Yale Bulletin and Calendar

March 3, 2000Volume 28, Number 23

Yale alumna Evelyn Boyd Granville, the first African-American woman in the U.S. to earn a Ph.D. in mathematics, poses in front of a portrait of alumnus Edward Bouchet, the nation's first African-American Ph.D.

Alumna extols virtues of studying math

Evelyn Boyd Granville '49 Ph.D., the first African-American woman to earn a doctorate in mathematics in the United States, returned to Yale on Feb. 24 to speak of the importance of math in contemporary society.

A lively 75-year old, Granville urged that children study math in order to train their minds for rigorous and logical thinking. She expressed distress at the number of remedial math courses taught in colleges today, indicating poor preparation in the nation's elementary and secondary schools.

When Granville began teaching in the California State University system in the 1960s, it was forbidden to offer secondary-level courses for credit. Now, she lamented, 50% of all math classes in that system are remedial. "It's such a waste of money and facilities and teaching," she said. "There has been a steady decline in upper-level courses and a decline in mathematics majors and graduate students."

The solution lies at the beginning of the educational ladder, contends the alumna. "How do we teach children the beauty of mathematics?" she asked. "I wish I could get on a soapbox and go all over the country, passing on the real value of mathematics." She had, in fact, just completed a tour of southern Texas, where she spoke to middle school children about the "power and influence" of math in all aspects of life.

"The study of mathematics enhances one's skill to think logically, to solve problems and to be creative thinkers," she said.

Granville grew up in Washington, D.C. and attended segregated public schools. She graduated summa cum laude from Smith College in 1945, where she majored in math and minored in physics. At Yale, she earned her master's and doctoral degrees before going on to a career that combined university teaching and research for the government and private industry.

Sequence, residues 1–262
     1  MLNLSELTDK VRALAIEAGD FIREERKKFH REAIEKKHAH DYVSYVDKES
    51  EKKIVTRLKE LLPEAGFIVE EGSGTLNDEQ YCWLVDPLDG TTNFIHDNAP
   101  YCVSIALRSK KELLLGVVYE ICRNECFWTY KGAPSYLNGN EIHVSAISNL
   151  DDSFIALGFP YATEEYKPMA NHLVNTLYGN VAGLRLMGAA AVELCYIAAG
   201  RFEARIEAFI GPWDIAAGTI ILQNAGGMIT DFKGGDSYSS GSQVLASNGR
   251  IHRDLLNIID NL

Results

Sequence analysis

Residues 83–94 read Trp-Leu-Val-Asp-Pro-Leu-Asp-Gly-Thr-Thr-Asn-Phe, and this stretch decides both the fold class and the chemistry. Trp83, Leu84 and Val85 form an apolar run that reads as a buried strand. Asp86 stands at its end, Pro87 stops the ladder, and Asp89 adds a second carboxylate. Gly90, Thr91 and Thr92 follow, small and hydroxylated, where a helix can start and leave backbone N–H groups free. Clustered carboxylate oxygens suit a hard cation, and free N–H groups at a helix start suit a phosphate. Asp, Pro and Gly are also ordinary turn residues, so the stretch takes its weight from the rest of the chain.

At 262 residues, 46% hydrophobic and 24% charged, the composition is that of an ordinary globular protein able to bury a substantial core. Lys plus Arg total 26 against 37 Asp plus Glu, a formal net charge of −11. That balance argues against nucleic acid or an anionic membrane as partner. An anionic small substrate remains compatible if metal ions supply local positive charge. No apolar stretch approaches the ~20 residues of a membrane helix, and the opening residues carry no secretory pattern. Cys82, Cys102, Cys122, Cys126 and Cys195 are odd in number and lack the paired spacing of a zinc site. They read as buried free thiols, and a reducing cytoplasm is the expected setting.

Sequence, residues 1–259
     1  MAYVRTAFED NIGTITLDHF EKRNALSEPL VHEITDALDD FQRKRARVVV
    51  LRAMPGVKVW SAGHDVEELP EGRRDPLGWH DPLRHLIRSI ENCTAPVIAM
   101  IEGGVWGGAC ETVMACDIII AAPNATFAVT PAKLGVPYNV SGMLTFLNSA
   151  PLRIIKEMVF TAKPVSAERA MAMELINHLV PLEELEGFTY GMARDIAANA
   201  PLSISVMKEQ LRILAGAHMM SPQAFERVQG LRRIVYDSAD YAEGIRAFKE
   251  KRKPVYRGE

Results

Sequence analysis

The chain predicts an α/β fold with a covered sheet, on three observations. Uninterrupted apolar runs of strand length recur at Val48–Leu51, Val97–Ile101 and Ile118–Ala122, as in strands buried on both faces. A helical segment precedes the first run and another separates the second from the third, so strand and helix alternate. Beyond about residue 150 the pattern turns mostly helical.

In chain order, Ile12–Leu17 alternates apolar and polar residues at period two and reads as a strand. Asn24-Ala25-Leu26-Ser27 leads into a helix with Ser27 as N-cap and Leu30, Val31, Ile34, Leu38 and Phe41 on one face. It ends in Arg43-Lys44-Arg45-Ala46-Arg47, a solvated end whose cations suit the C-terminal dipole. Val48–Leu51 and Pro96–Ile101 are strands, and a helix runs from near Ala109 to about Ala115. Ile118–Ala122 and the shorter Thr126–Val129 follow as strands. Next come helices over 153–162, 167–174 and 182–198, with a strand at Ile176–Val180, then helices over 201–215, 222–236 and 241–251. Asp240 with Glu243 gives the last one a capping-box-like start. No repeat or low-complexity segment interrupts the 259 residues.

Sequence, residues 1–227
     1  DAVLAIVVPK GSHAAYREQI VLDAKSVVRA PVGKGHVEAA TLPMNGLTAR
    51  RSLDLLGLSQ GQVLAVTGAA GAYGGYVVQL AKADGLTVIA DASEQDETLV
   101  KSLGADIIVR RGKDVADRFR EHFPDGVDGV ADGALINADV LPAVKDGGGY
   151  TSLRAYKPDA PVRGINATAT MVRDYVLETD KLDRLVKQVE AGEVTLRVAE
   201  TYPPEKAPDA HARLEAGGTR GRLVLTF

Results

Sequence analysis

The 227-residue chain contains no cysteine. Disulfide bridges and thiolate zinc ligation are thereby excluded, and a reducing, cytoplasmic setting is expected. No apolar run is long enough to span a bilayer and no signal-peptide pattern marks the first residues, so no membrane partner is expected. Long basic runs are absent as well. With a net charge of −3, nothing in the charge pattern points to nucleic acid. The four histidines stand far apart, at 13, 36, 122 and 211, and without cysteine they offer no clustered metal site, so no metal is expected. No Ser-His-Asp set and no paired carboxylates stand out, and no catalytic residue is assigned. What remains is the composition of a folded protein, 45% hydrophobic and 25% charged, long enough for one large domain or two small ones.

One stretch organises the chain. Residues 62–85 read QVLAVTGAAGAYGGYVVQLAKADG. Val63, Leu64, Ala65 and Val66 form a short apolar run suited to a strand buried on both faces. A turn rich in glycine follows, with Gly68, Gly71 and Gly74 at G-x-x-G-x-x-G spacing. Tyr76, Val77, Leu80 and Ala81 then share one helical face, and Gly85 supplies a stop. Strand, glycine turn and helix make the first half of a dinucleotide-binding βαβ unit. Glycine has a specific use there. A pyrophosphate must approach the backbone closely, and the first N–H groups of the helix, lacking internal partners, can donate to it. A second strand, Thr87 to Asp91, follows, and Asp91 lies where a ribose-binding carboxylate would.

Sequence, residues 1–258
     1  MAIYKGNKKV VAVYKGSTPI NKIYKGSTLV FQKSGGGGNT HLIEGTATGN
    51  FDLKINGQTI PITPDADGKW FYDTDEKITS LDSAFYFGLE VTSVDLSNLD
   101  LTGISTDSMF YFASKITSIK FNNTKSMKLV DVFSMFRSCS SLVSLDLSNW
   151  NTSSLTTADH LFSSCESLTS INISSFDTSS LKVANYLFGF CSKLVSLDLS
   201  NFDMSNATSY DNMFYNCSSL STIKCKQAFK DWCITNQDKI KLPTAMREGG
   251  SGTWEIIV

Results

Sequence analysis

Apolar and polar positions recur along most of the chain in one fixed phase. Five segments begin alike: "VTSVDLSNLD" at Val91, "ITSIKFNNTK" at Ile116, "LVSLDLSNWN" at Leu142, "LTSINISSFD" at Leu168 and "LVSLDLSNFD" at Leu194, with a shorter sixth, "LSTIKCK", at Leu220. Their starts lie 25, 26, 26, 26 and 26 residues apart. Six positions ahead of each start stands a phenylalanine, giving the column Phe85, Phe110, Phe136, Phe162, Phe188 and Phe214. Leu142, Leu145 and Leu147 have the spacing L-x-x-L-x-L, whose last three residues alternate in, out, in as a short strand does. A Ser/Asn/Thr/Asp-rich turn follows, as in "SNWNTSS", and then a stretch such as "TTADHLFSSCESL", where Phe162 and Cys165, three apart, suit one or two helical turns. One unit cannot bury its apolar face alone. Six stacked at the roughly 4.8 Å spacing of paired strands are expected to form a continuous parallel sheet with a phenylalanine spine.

She became a specialist in rocket and missile fuses, orbit computations and trajectory calculations for national defense and the space program providing technical support for the Vanguard, Mercury and Apollo projects. In addition, she served as an educational consultant to the State of California, helping to improve the teaching of math in elementary and secondary schools.

Granville's visit to Yale was jointly sponsored by the George J. Schulz Lectureship and the Hoyt Fund.

-- By Gila Reinstein


Yale to construct $176 million building for medical research and education

Hockey player is humanitarian outside the rink

Scientist invents device for at-home testing of glaucoma

Professor brings presidential expertise to PBS series

Test reveals voters' unconscious presidential preferences

Executive decries 'disturbing trends' in the media

Writer describes her passion for her craft at master's tea

Study shows tongue's temperature affects taste

Alumna extols virtues of studying math

Seminar seeks to spark interest on Latino health issues

Yale surgeon is using a new, less-invasive treatment for easing carpal tunnel syndrome

Veteran sports writers help Yale journalists hone their craft

Law School colloquium to explore welfare 'reform'

Researchers discover role of 'duet' in cell function

Musical Break

Neuroscientist is honored by Danish university

Dr. Sherwin Nuland will discuss early myths about the body at book signing

A very moving work of art

Sports Scoreboard

In the News

Bulletin Home|Visiting on Campus| Calendar of Events|Bulletin Board

Classified Ads|Search Archives|Production Schedule|Bulletin Staff

Public Affairs Home|News Releases| E-Mail Us|Yale Home Page